– – – Sed nihil tantus labor profuit. Tuum enim in hoc sum, ut illatam à Mundo nostris Manibus ac meritis pio conatu auferam controversiam, alios Amicorum mors avocat; hi frigescunt; illi pauperascunt: alii vana spe lactant; hi trepidare faciunt; intercedunt illi, mecum soliciti: his invitus sum; illis honoratus; multis fortasse suspectens; soli Deo notus. Interea anni defluunt, aetas languescit, vita admodum festinat; ego vero, tantis malis fissus ac languens, humanaeque satur infidelitatis, tandem acquiesco, et venientes olim expecto in votis Deos.

Nobili ac Generoso Juveni Viro, D[omi]no Francisco
P. Pápai, Cognato & [?] diuque quaesito, tandem
reperto, amantissimo, officia ac memoriam collocat
et insuper discedere a divitis volens Britannis, haec

peregrinus Hungarus.

Londini 1723 16 Julii st[ilo] v[eteri].

– - – Tibi nos, tibi nostra supellex:
quicquid praeterea nostris reperitur in Hortis
Servierint – - – - -



“– – – However, all these efforts were worth of nothing. I am yours, inasmuch I take up the dispute put into our hands and entrusted to us by the world. Some of our friends have been summoned by death; some have been reduced to poverty; others are nourished by vain hopes; some I fear and some upset me; some steer clear of me and some honour me; and only God knows me. In the meantime the years pass on, and old age is nearing; and I, troubled and weighed down by so many woes, and surfeited with the unfaithfulness of people, finally acquiesce and look forward with prayers to the arrival of the gods.”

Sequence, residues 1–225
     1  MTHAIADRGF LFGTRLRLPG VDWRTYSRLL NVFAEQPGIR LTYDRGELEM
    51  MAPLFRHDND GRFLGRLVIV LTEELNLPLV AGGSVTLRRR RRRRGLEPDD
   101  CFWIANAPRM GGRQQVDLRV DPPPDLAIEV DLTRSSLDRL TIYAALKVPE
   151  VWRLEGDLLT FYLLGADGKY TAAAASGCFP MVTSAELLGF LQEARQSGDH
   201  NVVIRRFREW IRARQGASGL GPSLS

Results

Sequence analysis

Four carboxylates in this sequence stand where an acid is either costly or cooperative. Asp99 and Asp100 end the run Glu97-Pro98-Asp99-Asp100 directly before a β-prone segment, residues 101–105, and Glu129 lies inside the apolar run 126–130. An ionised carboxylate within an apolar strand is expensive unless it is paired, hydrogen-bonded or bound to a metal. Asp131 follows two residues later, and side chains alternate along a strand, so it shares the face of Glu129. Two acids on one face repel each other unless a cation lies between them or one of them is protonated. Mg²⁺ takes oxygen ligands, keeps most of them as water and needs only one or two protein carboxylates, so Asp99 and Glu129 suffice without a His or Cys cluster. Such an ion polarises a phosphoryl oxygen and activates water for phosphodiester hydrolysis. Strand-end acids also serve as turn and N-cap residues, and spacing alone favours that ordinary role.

To the eminent and noble young Ferenc Pápai Páriz, my long awaited and finally discovered relative, I recommend my services and good memory, and finally, leaving the riches of Britanny, I leave this farewell present

András Nánásy, Hungarian peregrinating student.

In London, on July 16, 1723, by the old calendar.

“– – – We are yours, yours is all we have / whatever you find in our garden, is at your disposal – – – ”














p. 443. London, July 27, 1723

Nánási Lovász, András
(?-1750 után), Transylvanian Reformed pastor

András Nánási Lovász was born in Transylvania, the son of the Reformed Archdeacon Mihály N. L. (1662-1709), grandson of the Archdeacon István N. L. (1624-1683/84) and of the Reformed Bishop Mihály Tofeus (1624-1684). He learned in Nagyenyed (Aiud), then in 1721 he went to the university of Franeker. He also visited England. After returning home, he was pastor in 1724 in Kassa (Košice), in 1728 Huszt (Hust), Visk (Viskove) and Nyíracsád, from 1737 Marosszentkirály (Sâncraiu de Mureş). After being banished from Hungary, he went to exile in Transylvania, where in 1750 he became court pastor of the Counts Teleki. His work, besides his funeral sermons and his poem written on the death of Ferenc Pápai Páriz: Tacentis mundi respublica, sive cogitationes nonnullae rationales de statu animarum post mortem; praeses Ruard Andala, subjicit Andreas Nánási. Franeker, 1723.

Nánási wrote in the album of Pápai Páriz in July 1723. In this same year he defended in Franeker under the chairmanship of Ruardus ab Andala, who wrote in the album in 1719 (p. 129).

• AlbFran 315 • Graaf • Peregrinus • Szinnyei • Zoványi-Ladányi